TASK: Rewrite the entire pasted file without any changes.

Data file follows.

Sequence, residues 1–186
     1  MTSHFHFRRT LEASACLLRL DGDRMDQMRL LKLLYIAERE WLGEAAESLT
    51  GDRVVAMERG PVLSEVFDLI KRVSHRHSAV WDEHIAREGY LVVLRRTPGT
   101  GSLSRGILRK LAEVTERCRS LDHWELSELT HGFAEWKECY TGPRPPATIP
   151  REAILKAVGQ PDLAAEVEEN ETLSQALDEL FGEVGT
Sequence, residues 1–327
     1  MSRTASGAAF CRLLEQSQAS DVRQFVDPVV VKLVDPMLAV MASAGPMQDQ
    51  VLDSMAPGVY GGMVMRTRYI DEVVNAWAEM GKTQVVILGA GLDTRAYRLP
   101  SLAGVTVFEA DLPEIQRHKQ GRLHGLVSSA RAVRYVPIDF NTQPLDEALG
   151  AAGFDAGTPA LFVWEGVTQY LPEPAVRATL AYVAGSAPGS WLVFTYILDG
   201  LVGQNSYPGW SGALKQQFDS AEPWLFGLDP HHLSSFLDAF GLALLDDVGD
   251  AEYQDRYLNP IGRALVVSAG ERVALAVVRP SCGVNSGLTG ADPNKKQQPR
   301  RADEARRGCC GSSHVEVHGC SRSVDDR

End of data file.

Sequence, residues 1–186
     1  MTSHFHFRRT LEASACLLRL DGDRMDQMRL LKLLYIAERE WLGEAAESLT
    51  GDRVVAMERG PVLSEVFDLI KRVSHRHSAV WDEHIAREGY LVVLRRTPGT
   101  GSLSRGILRK LAEVTERCRS LDHWELSELT HGFAEWKECY TGPRPPATIP
   151  REAILKAVGQ PDLAAEVEEN ETLSQALDEL FGEVGT
Sequence, residues 1–327
     1  MSRTASGAAF CRLLEQSQAS DVRQFVDPVV VKLVDPMLAV MASAGPMQDQ
    51  VLDSMAPGVY GGMVMRTRYI DEVVNAWAEM GKTQVVILGA GLDTRAYRLP
   101  SLAGVTVFEA DLPEIQRHKQ GRLHGLVSSA RAVRYVPIDF NTQPLDEALG
   151  AAGFDAGTPA LFVWEGVTQY LPEPAVRATL AYVAGSAPGS WLVFTYILDG
   201  LVGQNSYPGW SGALKQQFDS AEPWLFGLDP HHLSSFLDAF GLALLDDVGD
   251  AEYQDRYLNP IGRALVVSAG ERVALAVVRP SCGVNSGLTG ADPNKKQQPR
   301  RADEARRGCC GSSHVEVHGC SRSVDDR